Portland Trail Blazers: Has the national media undervalued the defense of Damian Lillard?

Damian Lillard, Portland Trail Blazers (Photo by Cooper Neill/Getty Images)
Damian Lillard, Portland Trail Blazers (Photo by Cooper Neill/Getty Images) /

The tag attached to Damian Lillard has always been “offensive superstar.” But has the media given Portland’s star his proper due as an improved, big-game defender?

Damian Lillard is from Oakland. East Oakland, to be exact. If the “Real Brookfield” tributes he alludes to in his hip-hop videos haven’t made you aware, watch a post-game interview of his after a game in which he gets in a scuffle with an opposing player. He’ll make sure you know where his roots lie.

I’m from Oakland,” he’ll declare with defiance. And for that, everything he’s seen in life allows him, from an outsider’s perspective at least, to seem fearless. That’s culture. True to ancestry, Oakland’s finest guards — from Brian Shaw to Jason Kidd to Gary Payton — have been remembered in mostly the same way. Fearless. Gritty. They found championships through their work on the less glamorous side of the court — the defensive end.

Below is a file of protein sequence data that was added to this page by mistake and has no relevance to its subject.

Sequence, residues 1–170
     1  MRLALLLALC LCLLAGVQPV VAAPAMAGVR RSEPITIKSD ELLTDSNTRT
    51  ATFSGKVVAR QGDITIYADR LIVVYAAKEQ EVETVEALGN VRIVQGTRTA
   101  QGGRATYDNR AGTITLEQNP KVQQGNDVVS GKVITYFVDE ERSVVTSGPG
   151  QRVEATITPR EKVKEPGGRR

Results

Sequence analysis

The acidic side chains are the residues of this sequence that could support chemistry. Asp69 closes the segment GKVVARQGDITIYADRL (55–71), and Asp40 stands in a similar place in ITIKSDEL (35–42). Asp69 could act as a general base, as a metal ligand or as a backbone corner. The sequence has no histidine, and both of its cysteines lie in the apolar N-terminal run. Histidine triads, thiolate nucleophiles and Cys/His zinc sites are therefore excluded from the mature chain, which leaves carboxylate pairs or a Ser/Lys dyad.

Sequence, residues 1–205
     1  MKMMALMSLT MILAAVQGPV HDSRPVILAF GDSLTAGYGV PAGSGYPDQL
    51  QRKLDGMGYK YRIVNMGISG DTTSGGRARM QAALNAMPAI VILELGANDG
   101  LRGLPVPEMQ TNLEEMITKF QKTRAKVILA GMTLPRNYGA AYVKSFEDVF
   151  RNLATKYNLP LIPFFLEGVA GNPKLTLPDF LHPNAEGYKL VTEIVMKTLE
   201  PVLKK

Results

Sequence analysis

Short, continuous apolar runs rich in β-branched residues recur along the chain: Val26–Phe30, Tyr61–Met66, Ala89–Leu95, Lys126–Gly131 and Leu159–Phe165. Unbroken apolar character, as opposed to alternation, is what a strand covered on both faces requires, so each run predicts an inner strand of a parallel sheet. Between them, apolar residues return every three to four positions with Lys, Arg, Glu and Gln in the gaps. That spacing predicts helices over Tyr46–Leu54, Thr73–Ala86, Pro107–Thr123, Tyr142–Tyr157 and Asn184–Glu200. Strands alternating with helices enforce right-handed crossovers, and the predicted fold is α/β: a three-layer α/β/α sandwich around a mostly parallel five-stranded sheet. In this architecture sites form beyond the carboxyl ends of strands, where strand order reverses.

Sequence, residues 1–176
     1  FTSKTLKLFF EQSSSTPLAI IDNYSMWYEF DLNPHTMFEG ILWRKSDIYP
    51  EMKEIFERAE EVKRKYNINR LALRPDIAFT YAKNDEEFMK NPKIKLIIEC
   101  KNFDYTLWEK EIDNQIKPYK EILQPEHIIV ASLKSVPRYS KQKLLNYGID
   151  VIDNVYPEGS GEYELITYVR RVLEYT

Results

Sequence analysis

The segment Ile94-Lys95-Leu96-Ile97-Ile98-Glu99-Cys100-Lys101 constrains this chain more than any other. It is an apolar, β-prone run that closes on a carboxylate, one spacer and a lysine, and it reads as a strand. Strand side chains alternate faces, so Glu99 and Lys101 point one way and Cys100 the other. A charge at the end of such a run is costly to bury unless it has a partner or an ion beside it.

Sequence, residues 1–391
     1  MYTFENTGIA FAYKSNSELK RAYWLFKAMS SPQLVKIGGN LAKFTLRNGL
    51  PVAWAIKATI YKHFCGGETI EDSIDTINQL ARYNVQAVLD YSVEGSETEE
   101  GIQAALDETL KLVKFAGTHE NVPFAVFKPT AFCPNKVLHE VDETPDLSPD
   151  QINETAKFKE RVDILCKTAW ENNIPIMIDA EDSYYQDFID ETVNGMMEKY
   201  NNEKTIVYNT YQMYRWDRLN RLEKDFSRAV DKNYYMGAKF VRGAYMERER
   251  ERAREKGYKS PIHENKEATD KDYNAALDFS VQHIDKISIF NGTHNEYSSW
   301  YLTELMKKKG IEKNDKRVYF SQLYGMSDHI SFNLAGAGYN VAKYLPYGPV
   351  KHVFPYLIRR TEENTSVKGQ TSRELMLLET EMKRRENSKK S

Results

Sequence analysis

Ask the average fan what separates the Portland Trail Blazers’ floor general from those great California guards, and defense is probably  the answer. Ask James Harden the next time you talk to him. Like gorilla glue, the second that popular demand attaches the “defensive liability” to your name, expect an uphill climb in ripping it off. And while Lillard is certainly no Payton or Kidd on that end, it’s likely we’ve allowed 2013 thoughts to saturate the way we view him today. He’s long truncated a lot of those beliefs.

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At first glance, it’s a rational conclusion to come to. Only four teams give up more points than the Blazers, and Lillard’s No. 2 ranked 2,140 minutes played make it an easy correlation. But looking at his individual numbers, the hunt for a fair assessment tells a different story. For example, a few numbers per Synergy:

This season, opponents are averaging 0.91 points per possession when they attack Lillard on offense. That number ranks in the 59th percentile, the upper-half of the league. NBA.com suggests he ups that ante even more, forcing opponents to shoot 39.2 percent on those shots. That’s a respectable number in 2000 — not so much in 2020.